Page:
Why do ‘silo solutions’ fail for volunteer engagement?
When we’re speaking with volunteer organizers, a phrase that often comes up is our notion of ‘silo solutions’. Typically, it’s met with an understanding nod, but occasionally, the response is different. In those instances, the reaction is more puzzled and inquisitive, and that’s when we know we have to step back and reorient the conversation.
We believe this is a foundational issue and at the root of many issues that prevent volunteer organizations from being as effective and impactful as it could be. Youth engagement, volunteer burnout, and social disconnect are just three symptoms that arise from an ongoing pattern of overlooking core truths about engaged citizenship.
A word about silos.
I spent my early teen years living on a dairy farm in Southern Ontario, so I got to learn a thing or two about silos. Looking back now, there’s a few that ring true for how we’ve learned to treat volunteers. To be clear, these 150ft concrete walls are good for a lot of things – keeping grain protected from the weather for example, but when it comes to managing volunteers, silos kinda stink for two reasons:
- They take a lot of effort to fill; and
- They have a pretty awful view.
Recruiting volunteers into a silo.
When you think about replenishing your volunteer pool, how easy is that process? Unless you’re looking for volunteers to cuddle puppies all day, chances are it’s quite a mission to add new members to your team. When you use a silo solution to manage your volunteers, the effort involved in getting new members can be exhausting. Building awareness, hope, and excitement, before finally driving action can be a major undertaking but it’s a necessary process in order to ensure longevity for your organization.
Retaining volunteers you’ve already trapped – I mean recruited.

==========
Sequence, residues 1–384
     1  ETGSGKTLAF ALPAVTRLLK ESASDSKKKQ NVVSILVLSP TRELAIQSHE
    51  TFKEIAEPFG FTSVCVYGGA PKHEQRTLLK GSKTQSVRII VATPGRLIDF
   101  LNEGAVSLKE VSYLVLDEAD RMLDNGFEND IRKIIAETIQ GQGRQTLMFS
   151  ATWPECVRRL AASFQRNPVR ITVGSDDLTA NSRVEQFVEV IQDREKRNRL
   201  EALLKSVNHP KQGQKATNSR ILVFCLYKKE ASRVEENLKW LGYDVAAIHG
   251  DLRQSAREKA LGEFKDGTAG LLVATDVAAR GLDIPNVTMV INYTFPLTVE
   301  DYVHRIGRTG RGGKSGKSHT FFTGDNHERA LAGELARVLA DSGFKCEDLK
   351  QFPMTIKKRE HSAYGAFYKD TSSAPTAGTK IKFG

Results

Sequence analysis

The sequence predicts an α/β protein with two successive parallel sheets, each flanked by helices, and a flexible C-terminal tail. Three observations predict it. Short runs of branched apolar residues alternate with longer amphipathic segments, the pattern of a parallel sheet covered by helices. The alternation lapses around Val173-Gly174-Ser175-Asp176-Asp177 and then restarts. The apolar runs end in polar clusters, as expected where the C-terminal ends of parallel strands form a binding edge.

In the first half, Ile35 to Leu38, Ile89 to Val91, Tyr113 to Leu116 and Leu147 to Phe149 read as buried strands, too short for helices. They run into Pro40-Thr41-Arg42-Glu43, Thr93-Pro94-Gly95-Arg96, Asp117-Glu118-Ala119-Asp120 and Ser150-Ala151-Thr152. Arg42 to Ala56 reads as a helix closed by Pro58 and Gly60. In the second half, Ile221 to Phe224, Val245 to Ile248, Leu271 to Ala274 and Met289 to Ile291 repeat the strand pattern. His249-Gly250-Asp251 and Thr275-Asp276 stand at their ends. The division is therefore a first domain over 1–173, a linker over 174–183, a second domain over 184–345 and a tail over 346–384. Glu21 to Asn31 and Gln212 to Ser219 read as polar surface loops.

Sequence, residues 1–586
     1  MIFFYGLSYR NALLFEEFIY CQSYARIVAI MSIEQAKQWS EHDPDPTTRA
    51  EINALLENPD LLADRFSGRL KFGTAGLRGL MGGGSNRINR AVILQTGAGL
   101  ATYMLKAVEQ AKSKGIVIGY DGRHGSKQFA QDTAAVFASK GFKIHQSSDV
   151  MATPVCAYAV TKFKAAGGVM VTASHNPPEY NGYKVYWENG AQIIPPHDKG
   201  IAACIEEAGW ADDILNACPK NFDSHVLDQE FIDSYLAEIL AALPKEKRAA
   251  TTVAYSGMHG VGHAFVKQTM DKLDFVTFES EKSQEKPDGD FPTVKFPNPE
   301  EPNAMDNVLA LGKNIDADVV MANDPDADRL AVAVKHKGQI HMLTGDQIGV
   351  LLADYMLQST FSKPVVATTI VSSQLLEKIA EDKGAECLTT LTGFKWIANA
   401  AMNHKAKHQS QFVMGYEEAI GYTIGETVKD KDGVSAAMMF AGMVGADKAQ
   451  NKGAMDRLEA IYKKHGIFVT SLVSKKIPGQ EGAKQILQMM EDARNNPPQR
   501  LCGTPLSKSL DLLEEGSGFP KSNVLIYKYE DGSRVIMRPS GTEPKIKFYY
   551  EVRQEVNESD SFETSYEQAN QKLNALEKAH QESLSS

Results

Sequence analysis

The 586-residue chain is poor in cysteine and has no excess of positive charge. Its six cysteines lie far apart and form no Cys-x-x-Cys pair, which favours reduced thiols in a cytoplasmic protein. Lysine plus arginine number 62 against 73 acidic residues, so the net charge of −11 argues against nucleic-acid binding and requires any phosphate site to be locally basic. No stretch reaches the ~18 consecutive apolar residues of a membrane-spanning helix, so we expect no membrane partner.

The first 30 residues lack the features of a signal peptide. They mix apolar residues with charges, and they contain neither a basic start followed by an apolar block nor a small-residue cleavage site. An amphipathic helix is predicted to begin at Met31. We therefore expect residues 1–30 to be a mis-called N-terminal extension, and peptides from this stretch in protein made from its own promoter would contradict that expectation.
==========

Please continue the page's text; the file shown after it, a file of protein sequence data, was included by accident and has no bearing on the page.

When you consider the volunteer experience, that silo model continues to illustrate why it’s hurting your cause. For a siloed volunteer, the design of most volunteer management tools acts like a concrete barrier that prevents them from instigating their own deeper engagement. If they only learn of opportunities when you call on them, your volunteers can quickly grow stale. In fact, if you’ll bear with the metaphor a little longer, one of the biggest problems with long term silo storage is rot.
Fostering civic engagement wherever you can.
Are your volunteers engaged and getting the affirming experiences they need in order to stay fresh for your organization? Can you say that’s true for the entire roster or just your core team? This is a vital consideration because volunteering, like running, writing, or riding a bike, is a habit, quality, and skill that develops over time and continued engagement. If we allow our volunteers to grow stagnant, we will lose them.
A platform that fosters community involvement across multiple organizations deepens community integration and builds those engaged habits and lifestyles, creating volunteers who will step up and can be counted on when you need them. A silo will not accomplish this.
We need to do this together.
The ineffectiveness of silo solutions is why we designed Tandempark differently. We turn the lens around and, instead of looking at the issues from an inside-out perspective, we look at the volunteer sector from the outside-in. We see volunteer engagement as a societal issue – not an organizational one. As a result, our ecosystem approach makes our platform uniquely unifying, providing rich, meaningful opportunities for our community of volunteers.
We consider the unifying desire to make the world a better place to be far more important than our age or ethnicity. Rather than asking ‘how can we engage youth, or new immigrants, or any other special interest group,’ we consider how we can engage all volunteers. Instead of focusing on a specific cause or organization, we strive to provide a solution that can help everyone work together to build strong, vibrant, connected communities.
Founder & CEO
Liam Squires is the founder and CEO of Tandempark, an online civic engagement platform that helps organizations recruit, manage, schedule, and communicate with their volunteers, while making it easier than ever for people to discover and engage in meaningful and rewarding activities. With a background in volunteerism, event management, education, and marketing, he has delivered talks and workshops on volunteer recruitment and engagement, entrepreneurship, and disruptive technology.
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